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Unacknowledged LegislatorsThe Poet as Lawgiver in Post-Revolutionary France$
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Roger Pearson

Print publication date: 2016

Print ISBN-13: 9780198754473

Published to Oxford Scholarship Online: May 2016

DOI: 10.1093/acprof:oso/9780198754473.001.0001

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The Woman Writer as Lawgiver

The Woman Writer as Lawgiver

Chapter:
6 The Woman Writer as Lawgiver
Source:
Unacknowledged Legislators
Author(s):

Roger Pearson

Publisher:
Oxford University Press
DOI:10.1093/acprof:oso/9780198754473.003.0007

This chapter examines Staël’s works preceding De la littérature and discusses her situation as a woman writer. Born and raised at the centre of French political and intellectual life but debarred by gender from holding public office, Staël regarded writing as her only means of ‘lawgiving’. The chapter begins with the Lettres sur Rousseau, a declaration of faith in natural pity and ‘enthusiasm’ as the foundations of social progress. In her early treatises and political pamphlets Staël writes as a mediator—demanding mercy for Marie-Antoinette, urging peace between France and Great Britain, attempting to unite monarchists and radicals under the banner of moderate republicanism. In a male world of factional politics, Staël argues, women are well placed, by their nature and their very marginality, to promote a politics of enthusiasm that might complete the work of the Revolution through a rational and independent-minded programme of lawgiving directed at public opinion.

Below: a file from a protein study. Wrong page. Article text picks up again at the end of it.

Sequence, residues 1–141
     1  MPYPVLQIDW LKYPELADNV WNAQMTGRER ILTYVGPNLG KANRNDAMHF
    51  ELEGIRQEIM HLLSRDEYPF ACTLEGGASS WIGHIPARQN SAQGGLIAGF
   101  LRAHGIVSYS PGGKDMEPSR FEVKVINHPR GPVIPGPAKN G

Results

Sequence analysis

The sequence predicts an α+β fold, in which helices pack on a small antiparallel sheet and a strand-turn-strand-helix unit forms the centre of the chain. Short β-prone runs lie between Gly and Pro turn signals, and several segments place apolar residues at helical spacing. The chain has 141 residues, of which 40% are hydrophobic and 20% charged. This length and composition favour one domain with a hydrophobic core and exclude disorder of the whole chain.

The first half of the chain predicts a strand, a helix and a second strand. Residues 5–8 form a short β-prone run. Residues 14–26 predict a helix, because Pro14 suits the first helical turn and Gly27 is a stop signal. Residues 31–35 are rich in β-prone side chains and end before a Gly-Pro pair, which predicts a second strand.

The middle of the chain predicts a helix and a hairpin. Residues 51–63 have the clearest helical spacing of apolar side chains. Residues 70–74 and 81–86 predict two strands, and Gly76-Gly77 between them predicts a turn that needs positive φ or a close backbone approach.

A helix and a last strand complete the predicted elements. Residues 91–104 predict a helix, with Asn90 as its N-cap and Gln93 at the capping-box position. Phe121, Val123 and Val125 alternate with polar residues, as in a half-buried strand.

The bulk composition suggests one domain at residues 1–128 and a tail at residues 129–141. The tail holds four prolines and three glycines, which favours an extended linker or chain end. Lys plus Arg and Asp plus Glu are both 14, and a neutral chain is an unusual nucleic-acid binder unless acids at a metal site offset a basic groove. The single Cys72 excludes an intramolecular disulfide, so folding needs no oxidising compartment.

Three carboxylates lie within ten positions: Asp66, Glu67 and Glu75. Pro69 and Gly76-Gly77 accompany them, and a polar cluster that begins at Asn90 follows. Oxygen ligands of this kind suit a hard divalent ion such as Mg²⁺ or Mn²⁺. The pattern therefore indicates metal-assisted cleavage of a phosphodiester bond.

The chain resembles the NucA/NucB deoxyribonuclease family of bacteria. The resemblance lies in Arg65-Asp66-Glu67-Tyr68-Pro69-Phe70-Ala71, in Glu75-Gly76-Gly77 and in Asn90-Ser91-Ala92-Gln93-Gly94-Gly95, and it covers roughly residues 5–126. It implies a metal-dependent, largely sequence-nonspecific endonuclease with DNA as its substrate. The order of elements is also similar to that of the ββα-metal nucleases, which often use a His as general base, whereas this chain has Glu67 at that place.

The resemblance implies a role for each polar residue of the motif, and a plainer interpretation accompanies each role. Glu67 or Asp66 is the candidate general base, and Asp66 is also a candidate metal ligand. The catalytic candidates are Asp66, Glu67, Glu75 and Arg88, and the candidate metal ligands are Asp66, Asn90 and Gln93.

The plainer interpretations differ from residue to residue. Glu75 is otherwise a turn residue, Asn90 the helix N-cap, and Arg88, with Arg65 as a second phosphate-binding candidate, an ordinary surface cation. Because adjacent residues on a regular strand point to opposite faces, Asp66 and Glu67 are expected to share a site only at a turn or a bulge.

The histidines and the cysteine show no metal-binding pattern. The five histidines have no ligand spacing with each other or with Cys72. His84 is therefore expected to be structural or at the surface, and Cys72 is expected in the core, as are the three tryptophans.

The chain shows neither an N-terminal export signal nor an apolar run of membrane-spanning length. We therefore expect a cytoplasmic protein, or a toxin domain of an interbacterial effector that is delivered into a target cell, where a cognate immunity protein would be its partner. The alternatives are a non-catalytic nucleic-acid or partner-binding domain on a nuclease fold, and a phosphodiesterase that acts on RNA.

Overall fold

Keywords:   Staël, women writers, enthusiasm, Lettres sur Rousseau, war, French Revolution, Marie-Antoinette

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